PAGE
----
What does it say?

Psalm 81 claims Asaph as author and is written to reflect on the Feast of Tabernacles celebrated at harvest time. This psalm calls upon the nation to reflect on God’s promise of provision for those who obey him and laments how they have often rebelled against God.

It is impossible to associate Psalm 88 with a specific historical event, but we see that Heman the Ezrahite, contemporary with Solomon, is the author. Some call it the gloomiest of the psalms, as the psalmist believes himself to be at death’s door.

Psalms 92-93 are anonymous and a stark contrast to the darkness of Psalm 88. Psalm 92 is like a starburst of worship, praise and thanksgiving to God. Psalm 93 celebrates God’s sovereign reign over all his creation.

What does it mean?

Paul reminds us that all these things are written for our example (1Cor 10:11), so we must never forget that behind the fascinating lives and stories in the Old Testament are living examples for us that are part of the same story and mission.

For example, Psalm 81 highlights the harvest time in Israel and reminds us that we are sowing the seed of God’s word and trusting him for the harvest. God will ultimately accomplish his mission, of course, but when we see lean times in the harvest we should be aware that disobedience on our part could be a major part of the problem.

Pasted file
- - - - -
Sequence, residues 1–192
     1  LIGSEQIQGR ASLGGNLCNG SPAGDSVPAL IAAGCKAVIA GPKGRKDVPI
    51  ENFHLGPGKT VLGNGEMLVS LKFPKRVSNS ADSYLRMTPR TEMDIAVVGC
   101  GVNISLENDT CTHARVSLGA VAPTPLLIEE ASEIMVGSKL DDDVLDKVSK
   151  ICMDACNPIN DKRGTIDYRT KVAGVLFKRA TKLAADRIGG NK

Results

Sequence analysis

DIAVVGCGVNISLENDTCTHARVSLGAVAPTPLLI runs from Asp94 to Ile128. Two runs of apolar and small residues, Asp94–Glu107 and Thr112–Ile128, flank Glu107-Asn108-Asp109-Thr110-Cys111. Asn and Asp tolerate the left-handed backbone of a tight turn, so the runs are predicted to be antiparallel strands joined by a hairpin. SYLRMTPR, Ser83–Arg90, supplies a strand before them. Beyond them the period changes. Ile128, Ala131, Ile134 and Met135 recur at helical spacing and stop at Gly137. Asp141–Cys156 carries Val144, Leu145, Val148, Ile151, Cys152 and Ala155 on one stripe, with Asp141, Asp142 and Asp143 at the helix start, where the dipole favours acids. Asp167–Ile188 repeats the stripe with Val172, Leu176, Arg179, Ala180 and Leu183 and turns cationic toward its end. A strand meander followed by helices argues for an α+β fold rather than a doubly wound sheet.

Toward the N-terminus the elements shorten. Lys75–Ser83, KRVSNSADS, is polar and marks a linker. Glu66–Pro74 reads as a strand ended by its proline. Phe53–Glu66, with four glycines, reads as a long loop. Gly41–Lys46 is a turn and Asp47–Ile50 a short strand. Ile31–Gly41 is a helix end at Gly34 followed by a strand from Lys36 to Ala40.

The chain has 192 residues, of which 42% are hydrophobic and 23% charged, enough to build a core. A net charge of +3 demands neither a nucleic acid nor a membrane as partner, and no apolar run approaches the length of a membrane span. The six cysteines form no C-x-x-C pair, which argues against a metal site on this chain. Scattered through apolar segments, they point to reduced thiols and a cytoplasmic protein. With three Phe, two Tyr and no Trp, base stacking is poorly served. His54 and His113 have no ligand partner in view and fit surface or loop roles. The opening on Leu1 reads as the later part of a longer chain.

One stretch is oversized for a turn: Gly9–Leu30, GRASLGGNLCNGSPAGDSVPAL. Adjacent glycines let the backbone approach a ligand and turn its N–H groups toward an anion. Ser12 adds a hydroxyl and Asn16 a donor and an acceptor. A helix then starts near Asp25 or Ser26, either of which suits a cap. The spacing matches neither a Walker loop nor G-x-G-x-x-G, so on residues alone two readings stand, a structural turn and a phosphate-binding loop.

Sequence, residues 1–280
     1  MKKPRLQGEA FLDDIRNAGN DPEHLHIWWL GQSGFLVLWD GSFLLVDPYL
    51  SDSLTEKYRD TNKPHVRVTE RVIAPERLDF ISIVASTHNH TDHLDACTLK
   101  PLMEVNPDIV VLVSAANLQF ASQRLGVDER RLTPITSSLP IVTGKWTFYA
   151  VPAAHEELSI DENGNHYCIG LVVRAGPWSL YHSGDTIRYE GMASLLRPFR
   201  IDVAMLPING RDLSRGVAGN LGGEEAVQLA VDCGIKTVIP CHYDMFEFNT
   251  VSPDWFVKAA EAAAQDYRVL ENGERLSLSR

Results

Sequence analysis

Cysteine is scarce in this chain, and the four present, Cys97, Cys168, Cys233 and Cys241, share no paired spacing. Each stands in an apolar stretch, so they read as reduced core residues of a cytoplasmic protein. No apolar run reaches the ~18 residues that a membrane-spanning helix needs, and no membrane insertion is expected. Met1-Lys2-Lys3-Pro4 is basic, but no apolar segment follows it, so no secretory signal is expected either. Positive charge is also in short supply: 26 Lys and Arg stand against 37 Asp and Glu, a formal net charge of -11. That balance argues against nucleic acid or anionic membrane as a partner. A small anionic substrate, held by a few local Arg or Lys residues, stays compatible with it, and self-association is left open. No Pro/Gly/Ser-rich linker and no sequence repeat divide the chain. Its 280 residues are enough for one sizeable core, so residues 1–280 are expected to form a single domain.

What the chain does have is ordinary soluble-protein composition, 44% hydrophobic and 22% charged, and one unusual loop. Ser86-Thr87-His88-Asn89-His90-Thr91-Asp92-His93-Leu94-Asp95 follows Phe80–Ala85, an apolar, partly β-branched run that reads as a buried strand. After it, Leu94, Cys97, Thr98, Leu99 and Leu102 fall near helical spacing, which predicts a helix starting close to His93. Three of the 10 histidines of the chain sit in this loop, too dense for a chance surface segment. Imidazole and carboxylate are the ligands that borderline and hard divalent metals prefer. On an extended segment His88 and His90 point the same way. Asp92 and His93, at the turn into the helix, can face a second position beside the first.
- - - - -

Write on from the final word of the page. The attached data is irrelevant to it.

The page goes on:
The desperation of Psalm 88 is a vivid foreshadowing of what Jesus must have experienced on the Cross. Psalms 92 and 93 are templates to guide us in our own thanksgiving and praise.  The one thought that should ever be present, however, is that innate emphasis of the psalms on community. As precious as the psalms are to us personally, their primary application is for the believing community.

How will I respond?

Today, I will take whichever of these three psalms best describe my current state and I will pray them back to God. Then, in some way I will share what I have learned with at least one other person in the spirit of seeing the Psalms in the context of community.